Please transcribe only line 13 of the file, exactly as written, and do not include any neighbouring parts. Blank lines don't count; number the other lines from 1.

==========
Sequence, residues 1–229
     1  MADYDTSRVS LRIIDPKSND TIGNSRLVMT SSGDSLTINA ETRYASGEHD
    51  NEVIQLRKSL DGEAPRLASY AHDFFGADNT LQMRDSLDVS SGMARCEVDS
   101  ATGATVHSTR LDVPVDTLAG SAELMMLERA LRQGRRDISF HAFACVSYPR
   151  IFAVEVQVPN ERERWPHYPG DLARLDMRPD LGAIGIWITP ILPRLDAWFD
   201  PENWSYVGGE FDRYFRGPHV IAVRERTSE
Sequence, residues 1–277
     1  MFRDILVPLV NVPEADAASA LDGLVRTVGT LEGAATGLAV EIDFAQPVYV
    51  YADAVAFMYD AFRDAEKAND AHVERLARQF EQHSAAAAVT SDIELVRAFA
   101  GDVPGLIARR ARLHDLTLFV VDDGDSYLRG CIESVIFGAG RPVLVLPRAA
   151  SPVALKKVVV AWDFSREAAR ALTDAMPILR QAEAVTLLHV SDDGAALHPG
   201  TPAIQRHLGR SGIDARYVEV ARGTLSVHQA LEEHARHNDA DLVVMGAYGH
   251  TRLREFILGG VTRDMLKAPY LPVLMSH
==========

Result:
   251  TRLREFILGG VTRDMLKAPY LPVLMSH